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Music park filled with variety of acts

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In the hollows and dales south of Morgantown, the twang of bluegrass music reverberates through the forest.

Acoustic guitars strum out a crisp, steady, driving rhythm. Mandolins and banjos layer in waves of crystalline sound, while high tenor voices sing about faith, love and country living.

And around the shady stage, hundreds of people revel in the sound of pure Americana.

For more than 40 years, bluegrass legend Bill Monroe called a small slice of land in northern Brown County his home away from home. That land has been re-imagined as a tribute to Monroe and has become one of the more popular musical attractions in Indiana.

From the annual bluegrass festival that bears Monroe’s name to gospel, blues and harmonic festivals, music lovers of all kinds can find something they enjoy at Bill Monroe Music Park in Bean Blossom.

“Bill Monroe himself always did gospel music, and he was raised in that gospel music setting. At Bean Blossom, he still did the same thing,” said Larry Sparks, a longtime bluegrass and gospel musician. “It’s a tradition that’s carried on. I’m really glad to see it carry on.”

On the 55 acres that Monroe carved out of northern Brown County, a campground has been established with 500 tent sites, 237 hook-ups for water and electric and 13 cabins.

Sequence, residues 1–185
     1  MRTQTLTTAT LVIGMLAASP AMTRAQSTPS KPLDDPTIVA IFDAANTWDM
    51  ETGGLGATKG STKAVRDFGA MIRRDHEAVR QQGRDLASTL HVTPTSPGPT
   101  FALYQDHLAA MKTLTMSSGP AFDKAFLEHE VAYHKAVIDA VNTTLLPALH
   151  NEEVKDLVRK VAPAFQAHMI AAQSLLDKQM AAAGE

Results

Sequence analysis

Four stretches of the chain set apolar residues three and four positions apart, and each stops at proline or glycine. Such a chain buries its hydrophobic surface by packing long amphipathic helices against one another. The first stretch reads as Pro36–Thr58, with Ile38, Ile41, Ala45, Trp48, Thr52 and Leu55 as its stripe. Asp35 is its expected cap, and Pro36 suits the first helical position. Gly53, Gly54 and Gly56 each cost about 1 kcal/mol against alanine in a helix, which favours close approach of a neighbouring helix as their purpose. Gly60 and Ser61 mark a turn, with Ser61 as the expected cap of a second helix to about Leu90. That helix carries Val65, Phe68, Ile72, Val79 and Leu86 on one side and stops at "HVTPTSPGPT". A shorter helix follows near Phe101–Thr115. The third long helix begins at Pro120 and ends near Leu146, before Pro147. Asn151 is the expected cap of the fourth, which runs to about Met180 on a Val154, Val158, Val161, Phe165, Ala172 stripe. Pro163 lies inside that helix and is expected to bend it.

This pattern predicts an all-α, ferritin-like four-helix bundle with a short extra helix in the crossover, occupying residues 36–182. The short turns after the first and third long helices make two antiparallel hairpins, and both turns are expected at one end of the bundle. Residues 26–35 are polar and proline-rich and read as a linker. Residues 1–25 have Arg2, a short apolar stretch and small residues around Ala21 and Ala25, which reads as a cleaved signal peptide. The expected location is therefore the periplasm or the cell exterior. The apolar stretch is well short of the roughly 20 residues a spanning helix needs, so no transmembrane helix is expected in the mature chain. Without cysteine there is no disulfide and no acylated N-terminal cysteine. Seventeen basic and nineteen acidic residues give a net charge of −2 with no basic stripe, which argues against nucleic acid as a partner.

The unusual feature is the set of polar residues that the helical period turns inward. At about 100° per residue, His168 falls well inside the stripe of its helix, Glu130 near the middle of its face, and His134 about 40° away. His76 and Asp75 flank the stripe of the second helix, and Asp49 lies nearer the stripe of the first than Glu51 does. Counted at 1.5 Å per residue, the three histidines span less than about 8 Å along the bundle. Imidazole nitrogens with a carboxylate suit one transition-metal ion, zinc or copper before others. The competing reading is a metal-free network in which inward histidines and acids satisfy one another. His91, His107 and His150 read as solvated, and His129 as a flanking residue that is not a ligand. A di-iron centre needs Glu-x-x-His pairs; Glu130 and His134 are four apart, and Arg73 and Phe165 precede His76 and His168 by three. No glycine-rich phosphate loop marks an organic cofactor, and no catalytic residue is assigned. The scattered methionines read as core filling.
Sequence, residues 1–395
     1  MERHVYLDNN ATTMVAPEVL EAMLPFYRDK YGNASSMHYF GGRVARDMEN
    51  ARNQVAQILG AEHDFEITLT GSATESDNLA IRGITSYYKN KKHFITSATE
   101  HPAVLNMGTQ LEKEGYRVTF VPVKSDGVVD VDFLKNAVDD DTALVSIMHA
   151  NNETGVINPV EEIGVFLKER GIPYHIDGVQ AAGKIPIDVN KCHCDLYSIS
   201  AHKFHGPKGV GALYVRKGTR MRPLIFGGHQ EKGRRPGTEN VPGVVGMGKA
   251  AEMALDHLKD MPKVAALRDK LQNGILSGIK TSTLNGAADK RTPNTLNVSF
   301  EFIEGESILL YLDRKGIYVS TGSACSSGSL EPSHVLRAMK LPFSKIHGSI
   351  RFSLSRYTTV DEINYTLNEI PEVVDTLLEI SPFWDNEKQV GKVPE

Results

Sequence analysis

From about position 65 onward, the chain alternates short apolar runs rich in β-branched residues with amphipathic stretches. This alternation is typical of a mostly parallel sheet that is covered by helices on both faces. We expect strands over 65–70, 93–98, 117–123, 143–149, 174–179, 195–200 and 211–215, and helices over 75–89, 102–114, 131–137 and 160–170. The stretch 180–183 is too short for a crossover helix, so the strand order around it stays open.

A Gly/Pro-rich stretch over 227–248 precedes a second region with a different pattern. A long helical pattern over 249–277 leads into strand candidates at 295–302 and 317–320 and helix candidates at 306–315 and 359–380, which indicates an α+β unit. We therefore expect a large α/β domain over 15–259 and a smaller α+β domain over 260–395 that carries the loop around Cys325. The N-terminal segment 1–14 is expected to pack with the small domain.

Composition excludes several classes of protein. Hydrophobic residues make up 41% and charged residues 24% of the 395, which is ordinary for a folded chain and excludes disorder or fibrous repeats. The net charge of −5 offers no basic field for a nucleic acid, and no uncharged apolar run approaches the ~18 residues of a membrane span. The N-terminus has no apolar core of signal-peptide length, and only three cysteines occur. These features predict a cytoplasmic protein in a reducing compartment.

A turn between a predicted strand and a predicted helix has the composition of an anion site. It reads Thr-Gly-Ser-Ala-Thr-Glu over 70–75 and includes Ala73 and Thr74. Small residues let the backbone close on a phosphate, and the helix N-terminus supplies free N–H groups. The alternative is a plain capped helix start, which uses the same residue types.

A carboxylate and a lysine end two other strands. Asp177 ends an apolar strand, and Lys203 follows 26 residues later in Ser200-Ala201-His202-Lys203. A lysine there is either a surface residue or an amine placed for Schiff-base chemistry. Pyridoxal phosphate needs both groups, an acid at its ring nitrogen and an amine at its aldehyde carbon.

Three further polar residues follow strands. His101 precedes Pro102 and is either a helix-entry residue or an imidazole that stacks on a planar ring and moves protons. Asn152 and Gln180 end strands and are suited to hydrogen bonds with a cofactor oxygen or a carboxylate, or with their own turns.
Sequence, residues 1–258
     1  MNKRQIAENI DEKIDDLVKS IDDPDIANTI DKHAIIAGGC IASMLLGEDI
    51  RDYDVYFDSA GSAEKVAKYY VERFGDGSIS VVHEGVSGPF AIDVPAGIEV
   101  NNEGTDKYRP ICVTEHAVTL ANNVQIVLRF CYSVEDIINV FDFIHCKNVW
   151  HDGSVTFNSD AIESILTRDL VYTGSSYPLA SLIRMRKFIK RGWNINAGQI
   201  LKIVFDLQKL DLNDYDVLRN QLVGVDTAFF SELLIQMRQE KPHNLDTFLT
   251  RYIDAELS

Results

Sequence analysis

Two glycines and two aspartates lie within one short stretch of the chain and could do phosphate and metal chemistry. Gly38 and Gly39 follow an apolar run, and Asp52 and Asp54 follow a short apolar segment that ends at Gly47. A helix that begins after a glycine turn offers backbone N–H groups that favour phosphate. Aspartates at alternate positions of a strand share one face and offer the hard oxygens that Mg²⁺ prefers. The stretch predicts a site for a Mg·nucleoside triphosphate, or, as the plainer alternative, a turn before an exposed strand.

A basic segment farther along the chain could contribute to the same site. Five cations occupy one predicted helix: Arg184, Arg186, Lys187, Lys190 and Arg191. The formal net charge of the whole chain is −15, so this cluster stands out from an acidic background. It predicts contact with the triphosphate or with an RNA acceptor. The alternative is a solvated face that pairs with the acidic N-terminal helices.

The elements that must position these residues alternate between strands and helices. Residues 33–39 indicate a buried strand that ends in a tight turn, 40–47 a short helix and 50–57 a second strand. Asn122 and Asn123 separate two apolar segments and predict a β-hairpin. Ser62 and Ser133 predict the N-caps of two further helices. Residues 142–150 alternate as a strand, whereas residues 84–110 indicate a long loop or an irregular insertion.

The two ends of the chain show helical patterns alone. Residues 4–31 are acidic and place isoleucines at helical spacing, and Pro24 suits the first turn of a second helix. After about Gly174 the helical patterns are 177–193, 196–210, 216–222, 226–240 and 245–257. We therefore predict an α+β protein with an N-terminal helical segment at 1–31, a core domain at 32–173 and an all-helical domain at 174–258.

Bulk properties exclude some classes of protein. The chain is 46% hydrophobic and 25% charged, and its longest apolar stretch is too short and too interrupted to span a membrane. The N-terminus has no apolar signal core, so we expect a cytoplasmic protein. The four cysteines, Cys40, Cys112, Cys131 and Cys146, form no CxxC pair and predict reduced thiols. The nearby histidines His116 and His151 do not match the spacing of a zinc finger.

A 5-acre fishing lake sits in the middle of the heavily wooded property. Fishing and hiking keep people busy when the music isn’t playing.

“The outdoor setting, the beautiful backdrop, is great for an event,” said Bill Bailey, a minister and gospel music promoter. “It lends itself to that laid-back family atmosphere.”

But it’s the music that keeps people coming back. Festivals and concerts are lined up nearly every weekend in the summer, extending into the spring and fall.

A craft beer festival, Quafftoberfest, is slated to start this September. People come to the newly formed Morel Festival to celebrate the rare local delicacy and listen to eclectic rock, blues and bluegrass.

Bailey helped bring the Southern Gospel Jubilee to Bean Blossom five years ago. He worked with the music park’s owner, Dwight Dillman, to put together a family event.

People listen to some of the biggest stars in Southern-style gospel music, from Grammy Award-winner Jason Crabb to 40-year music veterans the Perrys together for one weekend.

“The Bill Monroe park has been known for bluegrass music for years. The owners of the park wanted to have a festival that was similar to the bluegrass but contained Southern gospel artists,” Bailey said.

None of this would be possible without Monroe’s interest in the area.

He is recognized as the father of bluegrass music and was the first mainstream artist to take the string-heavy sounds of Appalachia and bring it to the masses.

His tenor voice and unusual style of playing the mandolin established the blueprint for generations of musicians, according to Jim Peva, a former Indiana University professor and Bean Blossom historian.